Wine was likely grown here by the Romans with the first modern boom in production happening in the 1860’s as merchants from Bordeaux arrived after outbreaks of vine diseases in France. Along with trade to France, the merchants also brought the idea of aging wine in small oak barrels giving rise to traditionally styled, oxidized wines. Rioja was the first region in Spain to gain status as a D.O. in 1925. Recently, in the 1960s and 70’s, style shifted to wines with a combination of ripe fruit and unctuous oak followed more recently by a trend to produce intense, concentrated “modern” wines with less time in the bottle but plenty of new oak. In 1991 the region was elevated to a D.O.Calificada, one of only two regions to gain that status, which recognizes the quality and consistency of products from the region.
Climate: Rioja is a sheltered to the north by the Cantabrian mountains and to the south by Sierra de la Demanda, leading to a moderate climate. Temperatures tend to be mild and combine with an average of 17 inches of rain a year to provide an ideal growing environment.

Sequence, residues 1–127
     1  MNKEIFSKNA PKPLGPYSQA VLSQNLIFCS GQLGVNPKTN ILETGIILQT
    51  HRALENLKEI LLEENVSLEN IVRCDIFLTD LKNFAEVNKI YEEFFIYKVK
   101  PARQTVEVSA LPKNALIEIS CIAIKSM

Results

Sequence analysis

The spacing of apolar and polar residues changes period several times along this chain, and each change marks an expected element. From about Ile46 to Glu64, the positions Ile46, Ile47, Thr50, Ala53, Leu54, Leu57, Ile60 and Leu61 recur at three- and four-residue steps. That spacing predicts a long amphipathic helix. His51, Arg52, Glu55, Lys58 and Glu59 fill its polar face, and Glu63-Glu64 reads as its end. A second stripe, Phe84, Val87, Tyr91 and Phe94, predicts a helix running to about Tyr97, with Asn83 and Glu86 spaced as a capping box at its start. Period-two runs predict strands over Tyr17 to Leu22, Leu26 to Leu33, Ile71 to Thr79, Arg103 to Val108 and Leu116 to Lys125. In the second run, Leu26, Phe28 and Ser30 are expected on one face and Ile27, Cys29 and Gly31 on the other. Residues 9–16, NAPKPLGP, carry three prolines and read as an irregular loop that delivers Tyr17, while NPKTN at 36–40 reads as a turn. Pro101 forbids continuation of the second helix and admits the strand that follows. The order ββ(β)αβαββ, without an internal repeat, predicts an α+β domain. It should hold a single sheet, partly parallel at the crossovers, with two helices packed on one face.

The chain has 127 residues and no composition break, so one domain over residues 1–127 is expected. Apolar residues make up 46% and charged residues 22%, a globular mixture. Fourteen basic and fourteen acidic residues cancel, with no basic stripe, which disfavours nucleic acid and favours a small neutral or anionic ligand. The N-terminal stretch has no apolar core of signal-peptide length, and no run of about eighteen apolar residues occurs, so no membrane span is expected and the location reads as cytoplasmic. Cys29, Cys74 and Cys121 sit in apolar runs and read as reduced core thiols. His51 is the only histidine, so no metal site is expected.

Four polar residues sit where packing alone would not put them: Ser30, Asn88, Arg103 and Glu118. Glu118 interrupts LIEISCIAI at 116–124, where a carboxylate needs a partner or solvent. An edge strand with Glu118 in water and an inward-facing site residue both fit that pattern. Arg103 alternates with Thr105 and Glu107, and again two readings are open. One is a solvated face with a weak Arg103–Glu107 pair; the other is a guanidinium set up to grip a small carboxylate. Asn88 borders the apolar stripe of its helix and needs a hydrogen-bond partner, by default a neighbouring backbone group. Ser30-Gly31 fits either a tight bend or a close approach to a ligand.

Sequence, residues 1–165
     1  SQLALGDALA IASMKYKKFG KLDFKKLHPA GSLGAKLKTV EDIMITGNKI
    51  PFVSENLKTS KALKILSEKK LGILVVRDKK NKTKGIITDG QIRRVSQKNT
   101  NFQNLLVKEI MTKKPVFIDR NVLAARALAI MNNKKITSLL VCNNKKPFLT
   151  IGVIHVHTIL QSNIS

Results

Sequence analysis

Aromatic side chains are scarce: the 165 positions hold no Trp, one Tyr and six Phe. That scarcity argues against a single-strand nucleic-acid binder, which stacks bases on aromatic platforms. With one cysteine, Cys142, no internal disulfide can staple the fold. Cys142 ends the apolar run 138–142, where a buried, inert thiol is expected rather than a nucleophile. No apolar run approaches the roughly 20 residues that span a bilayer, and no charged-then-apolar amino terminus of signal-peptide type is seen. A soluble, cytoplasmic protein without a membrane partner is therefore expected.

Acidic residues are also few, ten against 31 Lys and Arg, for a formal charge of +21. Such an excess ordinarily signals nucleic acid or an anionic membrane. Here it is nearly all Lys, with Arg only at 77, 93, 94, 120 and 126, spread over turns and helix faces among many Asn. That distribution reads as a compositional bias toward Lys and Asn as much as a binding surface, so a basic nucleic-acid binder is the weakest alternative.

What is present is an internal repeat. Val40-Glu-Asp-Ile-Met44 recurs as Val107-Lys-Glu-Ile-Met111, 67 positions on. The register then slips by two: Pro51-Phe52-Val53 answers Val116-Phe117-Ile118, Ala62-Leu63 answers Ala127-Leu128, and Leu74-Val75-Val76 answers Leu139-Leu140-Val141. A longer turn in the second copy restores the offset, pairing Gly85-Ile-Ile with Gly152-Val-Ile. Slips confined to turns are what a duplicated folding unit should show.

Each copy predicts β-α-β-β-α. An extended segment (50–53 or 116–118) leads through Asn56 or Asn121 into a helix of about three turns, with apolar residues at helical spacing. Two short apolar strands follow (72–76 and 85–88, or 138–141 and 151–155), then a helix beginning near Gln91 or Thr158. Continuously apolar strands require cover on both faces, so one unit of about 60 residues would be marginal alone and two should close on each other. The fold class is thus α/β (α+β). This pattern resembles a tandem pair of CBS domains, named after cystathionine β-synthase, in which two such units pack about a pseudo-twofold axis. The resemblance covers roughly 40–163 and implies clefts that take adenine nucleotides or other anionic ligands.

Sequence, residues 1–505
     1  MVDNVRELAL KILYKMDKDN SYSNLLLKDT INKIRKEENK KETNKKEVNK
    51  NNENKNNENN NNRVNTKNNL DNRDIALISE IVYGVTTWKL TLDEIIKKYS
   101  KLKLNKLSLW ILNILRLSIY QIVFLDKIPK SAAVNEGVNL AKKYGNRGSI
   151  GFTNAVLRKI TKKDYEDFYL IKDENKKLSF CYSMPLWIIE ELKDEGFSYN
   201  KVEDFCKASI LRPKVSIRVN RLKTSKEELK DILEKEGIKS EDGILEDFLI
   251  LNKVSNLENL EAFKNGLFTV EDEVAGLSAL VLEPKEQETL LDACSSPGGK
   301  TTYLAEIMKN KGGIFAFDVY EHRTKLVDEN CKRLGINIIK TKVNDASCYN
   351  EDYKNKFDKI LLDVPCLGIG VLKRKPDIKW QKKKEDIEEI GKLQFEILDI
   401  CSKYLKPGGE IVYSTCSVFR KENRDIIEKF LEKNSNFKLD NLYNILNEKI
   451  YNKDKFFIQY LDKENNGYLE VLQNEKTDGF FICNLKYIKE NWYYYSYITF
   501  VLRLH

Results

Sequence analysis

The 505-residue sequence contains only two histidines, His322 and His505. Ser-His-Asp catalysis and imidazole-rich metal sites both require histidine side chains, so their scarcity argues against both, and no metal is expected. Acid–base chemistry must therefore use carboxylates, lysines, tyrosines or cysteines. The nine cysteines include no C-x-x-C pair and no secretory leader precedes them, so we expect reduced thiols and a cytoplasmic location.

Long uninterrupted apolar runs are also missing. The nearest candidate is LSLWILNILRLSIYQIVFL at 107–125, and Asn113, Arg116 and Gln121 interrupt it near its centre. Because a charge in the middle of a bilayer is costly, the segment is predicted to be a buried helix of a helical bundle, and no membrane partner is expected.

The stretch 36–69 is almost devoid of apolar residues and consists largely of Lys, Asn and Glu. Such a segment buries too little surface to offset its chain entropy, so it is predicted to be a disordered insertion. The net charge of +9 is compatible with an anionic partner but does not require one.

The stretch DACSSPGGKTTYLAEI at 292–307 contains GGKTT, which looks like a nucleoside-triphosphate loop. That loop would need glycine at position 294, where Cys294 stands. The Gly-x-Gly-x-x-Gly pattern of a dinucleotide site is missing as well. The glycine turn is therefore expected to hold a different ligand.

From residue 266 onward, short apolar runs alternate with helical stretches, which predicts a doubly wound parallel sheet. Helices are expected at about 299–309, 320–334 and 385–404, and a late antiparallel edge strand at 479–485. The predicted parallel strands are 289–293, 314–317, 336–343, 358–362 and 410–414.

Soil: Rioja is subdivided into three zones, Rioja Baja, Rioja Alavesa and Rioja Alta. In the Baja alluvial soils (sand) and clay predominate, in the Alavesa limestone and clay predominate, and in the Alta limestone, clay and alluvial soils are present. This variety of soils at different elevations leads to some of the stylistic differences between bodegas.
Grape Varities: Four red grapes are allowed in the D.O. with Tempranillo comprising 65% of all plantings, the other allowed red grapes include Graciano, Mazuelo (Cariñena), and Garnacha. Three white grapes are allowed, Viura, Malvasia, and Garnacha Blanca.